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Arterial Blood Gas (ABG) Interpretation

Assess Oxygenation
  • PaO2 should be >10 kPa when oxygenating on room air in a healthy patient
  • A patient is receiving oxygen therapy should have a PaO2 approximately 10kPa less than the % inspired concentration of O2 (eg a patient on 50% oxygen would be expected to have a PaO2 of approximately 40kPa
Determine pH Status
  • Acidosis (pH low)
  • Alkalosis (pH high
Determine Respiratory Component
  • Respiratory acidosis – low pH, high PaCO2
  • Respiratory alkalosis – high pH, low PaCO2
Determine Metabolic Component
  • Metabolic acidosis – low pH, low HCO3
  • Metabolic alkalosis – high pH, high HCO3
Is There Compensation?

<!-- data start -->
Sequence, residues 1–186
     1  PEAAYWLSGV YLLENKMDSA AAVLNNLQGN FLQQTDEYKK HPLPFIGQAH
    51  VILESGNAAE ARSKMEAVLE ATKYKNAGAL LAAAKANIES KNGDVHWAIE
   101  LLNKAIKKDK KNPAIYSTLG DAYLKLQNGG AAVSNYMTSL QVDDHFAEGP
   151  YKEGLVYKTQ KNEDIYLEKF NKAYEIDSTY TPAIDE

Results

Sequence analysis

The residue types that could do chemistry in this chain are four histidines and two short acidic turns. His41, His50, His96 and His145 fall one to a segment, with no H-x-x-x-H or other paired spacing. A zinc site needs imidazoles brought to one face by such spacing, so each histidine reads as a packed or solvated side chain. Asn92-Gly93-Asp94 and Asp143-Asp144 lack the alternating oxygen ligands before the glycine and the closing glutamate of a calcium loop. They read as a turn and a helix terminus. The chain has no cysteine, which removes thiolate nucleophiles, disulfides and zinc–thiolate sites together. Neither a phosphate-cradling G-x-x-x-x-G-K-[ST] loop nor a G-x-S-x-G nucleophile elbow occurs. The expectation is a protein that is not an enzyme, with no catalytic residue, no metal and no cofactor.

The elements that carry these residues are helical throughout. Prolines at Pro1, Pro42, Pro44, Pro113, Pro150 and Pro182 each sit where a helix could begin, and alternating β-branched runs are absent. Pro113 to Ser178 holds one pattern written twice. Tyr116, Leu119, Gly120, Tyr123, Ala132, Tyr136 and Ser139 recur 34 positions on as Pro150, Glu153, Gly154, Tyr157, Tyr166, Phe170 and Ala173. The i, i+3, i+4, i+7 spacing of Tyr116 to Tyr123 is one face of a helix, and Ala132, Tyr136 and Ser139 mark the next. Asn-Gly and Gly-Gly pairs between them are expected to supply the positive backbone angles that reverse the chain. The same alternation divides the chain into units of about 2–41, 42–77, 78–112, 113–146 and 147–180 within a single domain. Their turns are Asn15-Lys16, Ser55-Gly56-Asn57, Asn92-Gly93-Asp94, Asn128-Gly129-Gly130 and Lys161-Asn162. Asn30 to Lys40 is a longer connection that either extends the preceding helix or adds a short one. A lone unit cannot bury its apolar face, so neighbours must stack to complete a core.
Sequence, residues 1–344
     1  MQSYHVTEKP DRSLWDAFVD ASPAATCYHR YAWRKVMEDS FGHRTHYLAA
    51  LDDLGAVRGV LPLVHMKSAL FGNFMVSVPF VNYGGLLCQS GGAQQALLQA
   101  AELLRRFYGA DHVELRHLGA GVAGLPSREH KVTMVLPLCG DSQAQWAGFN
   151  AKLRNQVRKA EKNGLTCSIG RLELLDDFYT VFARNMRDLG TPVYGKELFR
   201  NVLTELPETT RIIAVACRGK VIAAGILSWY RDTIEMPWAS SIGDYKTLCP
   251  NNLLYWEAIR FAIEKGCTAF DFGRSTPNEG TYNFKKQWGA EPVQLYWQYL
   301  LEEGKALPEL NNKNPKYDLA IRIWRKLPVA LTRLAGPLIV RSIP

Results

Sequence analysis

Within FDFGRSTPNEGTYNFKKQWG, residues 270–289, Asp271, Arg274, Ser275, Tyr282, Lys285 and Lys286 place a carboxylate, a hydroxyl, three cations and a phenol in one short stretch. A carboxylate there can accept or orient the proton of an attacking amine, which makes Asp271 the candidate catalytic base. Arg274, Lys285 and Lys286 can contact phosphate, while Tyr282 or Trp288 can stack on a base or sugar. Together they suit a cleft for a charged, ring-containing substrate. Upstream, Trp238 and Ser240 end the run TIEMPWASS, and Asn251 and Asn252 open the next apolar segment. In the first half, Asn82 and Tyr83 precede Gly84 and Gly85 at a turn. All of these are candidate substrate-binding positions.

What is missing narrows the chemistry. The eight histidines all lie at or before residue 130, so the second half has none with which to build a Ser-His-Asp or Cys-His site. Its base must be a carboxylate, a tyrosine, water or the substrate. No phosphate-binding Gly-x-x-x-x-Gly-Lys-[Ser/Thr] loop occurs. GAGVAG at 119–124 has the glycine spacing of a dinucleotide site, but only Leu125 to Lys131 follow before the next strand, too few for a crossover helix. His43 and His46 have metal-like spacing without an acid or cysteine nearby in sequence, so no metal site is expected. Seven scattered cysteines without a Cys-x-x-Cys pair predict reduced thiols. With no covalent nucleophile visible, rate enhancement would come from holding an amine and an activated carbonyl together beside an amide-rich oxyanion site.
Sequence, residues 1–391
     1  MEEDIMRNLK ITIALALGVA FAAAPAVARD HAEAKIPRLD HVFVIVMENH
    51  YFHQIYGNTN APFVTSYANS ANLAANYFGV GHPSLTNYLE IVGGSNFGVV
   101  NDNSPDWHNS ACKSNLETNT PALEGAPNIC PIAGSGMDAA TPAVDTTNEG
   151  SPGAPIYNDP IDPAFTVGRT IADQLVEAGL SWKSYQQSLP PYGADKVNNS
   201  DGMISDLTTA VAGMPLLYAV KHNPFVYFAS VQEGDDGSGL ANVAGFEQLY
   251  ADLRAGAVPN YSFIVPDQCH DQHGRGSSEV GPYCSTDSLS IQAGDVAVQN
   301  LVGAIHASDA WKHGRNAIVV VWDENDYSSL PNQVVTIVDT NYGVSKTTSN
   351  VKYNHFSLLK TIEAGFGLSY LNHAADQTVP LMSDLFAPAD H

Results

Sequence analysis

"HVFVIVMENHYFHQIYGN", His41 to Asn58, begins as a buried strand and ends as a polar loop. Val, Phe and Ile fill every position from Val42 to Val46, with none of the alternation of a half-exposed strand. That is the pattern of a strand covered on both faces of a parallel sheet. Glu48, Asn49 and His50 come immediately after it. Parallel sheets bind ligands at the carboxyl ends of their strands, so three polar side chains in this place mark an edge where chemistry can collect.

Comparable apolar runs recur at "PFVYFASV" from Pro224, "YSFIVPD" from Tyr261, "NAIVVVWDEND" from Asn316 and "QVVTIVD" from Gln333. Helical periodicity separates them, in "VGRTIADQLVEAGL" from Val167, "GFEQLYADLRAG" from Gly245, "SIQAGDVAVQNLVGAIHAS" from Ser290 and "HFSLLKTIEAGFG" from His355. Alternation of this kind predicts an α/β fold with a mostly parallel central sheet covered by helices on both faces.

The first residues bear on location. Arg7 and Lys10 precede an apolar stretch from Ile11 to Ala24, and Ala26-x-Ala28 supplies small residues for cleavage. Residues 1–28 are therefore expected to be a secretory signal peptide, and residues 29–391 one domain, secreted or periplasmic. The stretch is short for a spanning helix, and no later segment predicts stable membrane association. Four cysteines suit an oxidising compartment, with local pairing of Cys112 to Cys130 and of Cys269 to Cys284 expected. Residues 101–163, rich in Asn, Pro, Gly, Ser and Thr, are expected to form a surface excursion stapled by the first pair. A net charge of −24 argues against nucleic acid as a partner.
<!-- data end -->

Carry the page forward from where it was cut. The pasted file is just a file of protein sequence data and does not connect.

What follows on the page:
• Compensation → if the respiratory/metabolic component does not fit with pH
  • Acidosis can be compensated by:
    • Respiratory compensation → increasing respiratory rate to blow off CO2
    • Metabolic compensation → increased bicarbonate reabsorption in the kidney
  • Alkalosis can be compensated by:
    • Respiratory compensation → decreasing respiratory rate to retain CO2
    • Metabolic compensation → decreased bicarbonate reabsorption in the kidney
Causes of Respiratory Failure
  • Type 1 → 1 gas abnormal (decreased O2)
    • Caused by ventilation/perfusion mismatch (V/Q)
    • Low V/Q → Causes: mucus plug in asthma/COPD, airway collapse in emphysema
    • High V/Q → Causes: Pulmonary embolism
  • Type 2 → 2 gases abnormal (decreased O2, increased CO2)
    • Caused by alveolar hypoventilation
    • Oxygen cannot get into alveoli and carbon dioxide cannot get out.
    • Causes: Obstructive lung diseases (eg COPD), restrictive lung diseases, decreased respiratory drive, neuromuscular disease, thoracic wall disease
Reference Range Values
  • pH: 7.35 – 7.45
  • PaCO2: 4.7 – 6.0 kPa
  • PaO2: 11 – 13 kPa
  • HCO3–: 22 – 26 mEq/L
  • Base excess (BE): -2 to +2 mmol/L

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